Mergers & Acquisitions Surge; M&A Funds Flat

October 27, 2016

There’s been another wave of headline-making mergers and acquisitions this year following a hot year for deals in 2015, the latest of which was the blockbuster $85 billion AT&T-Time Warner deal announced this week.

If you are an ETF investor, does a pickup in M&A activity offer you any investment opportunity?

In theory, yes. There are two ETFs in the market today that look to capitalize specifically on these types of corporate deals through long/short hedge-fundlike portfolios. They are:

But the reality is that the pickup in M&A activity does not necessarily mean an uptick in the performance of these funds.

Consider that, other than the AT&T-Time Warner deal, there have been some pretty notable ones recently, as Bloomberg reported: the British American Tobacco-Reynolds American $58 billion deal; the Qualcomm-NXP Semiconductors $46 billion deal; the Anheuser-Busch InBev bid to buy SABMiller for $100 billion; and talks of a “possible” CBS-Viacom $30 billion deal.

And yet, here’s how these two ETFs have performed relative to the SPDR S&P 500 (SPY) this year—they have practically not gone anywhere: 

Chart courtesy of Stockcharts.com

 

Flood Of Deals Don’t Boost Performance

“Both ETFs seek to benefit from a merger arbitrage situation, where a stock will not trade as high as the terms of the deal, on risks the deal may not close as expected,” said Todd Rosenbluth, head of ETF research at S&P Global. “While M&A activity has picked up recently, these ETFs have lagged the S&P 500 index, as their performance is less tied to the traditional catalysts for U.S. equities.”

In the case of the AT&T bid to acquire Time Warner, Time Warner stock traded at a “discount to the deal’s value” because investors aren’t sure this deal will actually close, Rosenbluth notes.

This is where merger arbitrage opportunity lies, but also the challenge. It’s not easy to predict where the next big deal is going to happen, and when the news is made public, the potential to capture outsized premiums tends to diminish.

 

How MNA Works

MNA tracks an index that takes long positions in firms that are acquisition targets, and shorts broad equity indexes to manage downside risk associated with the deals. Any money left over is tied to short-term bonds.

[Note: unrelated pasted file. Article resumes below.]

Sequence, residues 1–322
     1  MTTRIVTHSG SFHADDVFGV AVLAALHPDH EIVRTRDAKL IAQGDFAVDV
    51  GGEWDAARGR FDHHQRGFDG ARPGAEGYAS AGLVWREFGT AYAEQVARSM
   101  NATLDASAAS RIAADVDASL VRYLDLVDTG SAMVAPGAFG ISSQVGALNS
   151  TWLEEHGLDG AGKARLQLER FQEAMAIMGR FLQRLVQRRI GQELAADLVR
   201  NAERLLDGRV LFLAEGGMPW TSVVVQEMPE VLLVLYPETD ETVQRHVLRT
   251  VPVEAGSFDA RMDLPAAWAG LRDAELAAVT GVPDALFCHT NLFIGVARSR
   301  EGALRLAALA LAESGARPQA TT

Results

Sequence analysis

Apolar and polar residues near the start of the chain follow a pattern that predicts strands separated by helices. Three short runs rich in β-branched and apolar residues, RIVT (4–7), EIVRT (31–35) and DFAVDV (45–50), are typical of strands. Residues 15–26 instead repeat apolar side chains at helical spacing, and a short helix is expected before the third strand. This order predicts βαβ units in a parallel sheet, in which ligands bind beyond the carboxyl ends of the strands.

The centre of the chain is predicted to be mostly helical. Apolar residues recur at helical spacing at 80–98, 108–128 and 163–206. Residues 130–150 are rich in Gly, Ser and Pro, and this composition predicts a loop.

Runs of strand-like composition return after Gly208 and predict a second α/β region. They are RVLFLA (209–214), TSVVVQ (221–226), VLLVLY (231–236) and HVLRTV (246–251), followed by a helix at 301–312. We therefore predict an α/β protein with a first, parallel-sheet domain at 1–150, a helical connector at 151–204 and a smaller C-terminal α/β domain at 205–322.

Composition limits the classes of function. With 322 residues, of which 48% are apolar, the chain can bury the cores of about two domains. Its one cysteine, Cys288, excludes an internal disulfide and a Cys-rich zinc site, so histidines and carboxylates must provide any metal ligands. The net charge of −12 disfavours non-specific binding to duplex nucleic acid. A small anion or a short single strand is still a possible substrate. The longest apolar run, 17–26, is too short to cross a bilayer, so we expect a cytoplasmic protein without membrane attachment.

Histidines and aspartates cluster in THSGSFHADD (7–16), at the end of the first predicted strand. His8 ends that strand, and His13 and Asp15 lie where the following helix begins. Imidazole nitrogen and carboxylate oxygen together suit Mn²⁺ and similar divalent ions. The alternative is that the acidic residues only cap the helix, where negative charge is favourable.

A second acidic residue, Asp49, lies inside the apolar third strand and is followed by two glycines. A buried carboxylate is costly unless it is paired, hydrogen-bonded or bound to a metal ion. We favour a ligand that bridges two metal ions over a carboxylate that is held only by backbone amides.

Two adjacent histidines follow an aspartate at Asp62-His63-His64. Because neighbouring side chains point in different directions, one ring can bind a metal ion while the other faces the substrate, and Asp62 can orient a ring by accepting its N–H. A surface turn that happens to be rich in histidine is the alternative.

The design is meant to capture any premium associated with the companies being acquired, much like a hedge fund would do.

The long side of the portfolio weights deals based on liquidity—on average dollars traded—of a company. The short side of the portfolio can represent as much as 40% at times. 

One of the main risks associated with this strategy is that a deal can be broken, and when that happens, stock prices of the target companies tend to drop. In the case of MNA, stocks aren’t removed immediately from the portfolio if that happens—they stay on until the next monthly rebalance. That can impact returns.  

Bonds Top Allocation

Right now, the portfolio’s largest single allocation is to short-term bonds in the form of a 19% allocation to the SPDR Barclays 1-3 Month T-Bill (BIL) and a 6.3% allocation to the iShares Short Treasury Bond (SHV)—that’s roughly a quarter of the portfolio. These ETFs are in the black year-to-date, but not by much. They have each returned less than 1% so far in 2016.

Leading individual companies with a 9.6% weighting is LinkedIn, followed by St. Jude Medical and Rackspace—all takeover targets.

On the short side of the portfolio, the largest weighting is to a few sector ETFs. The Healthcare Select Sector SPDR (XLV) and the Energy Select Sector SPDR (XLE) are at a combined weighting of about -10%. XLV’s share price is down this year, but XLE has rallied more than 16%.

MRGR Similar Build   

MRGR, launched in 2012, goes head to head with MNA and is built in much the same way. The fund is vastly smaller, however, having gathered only about $5.5 million in assets in four years.  

MRGR longs stocks of companies that are the targets of acquisition, and it shorts the acquiring firms, with the goal of capturing the spread between the two. The fund also has a currency-hedge component given that it’s global in scope.

The underlying index in this strategy usually comprises about 40 announced deals. Among the fund’s largest single company holdings right now are names such as Yadkin Financial, Starz and Valspar Corp.

Perhaps due to a positive stock market, or to low interest rates, or to companies’ need to grow through acquisition, or to all of the above, M&A deals continue to pop up as the year-end nears. Some even say that the massive AT&T/Time Warner deal “could potentially trigger another M&A wave due to the strategic merits of vertical integration,” according to Rosenbluth.

These funds offer a direct vector for ETF investors to tap into the deals themselves, but it’s important to remember that more and bigger M&A deals don’t necessarily translate into more and bigger returns in these hedge-fundlike ETFs.

Contact Cinthia Murphy at [email protected]

 

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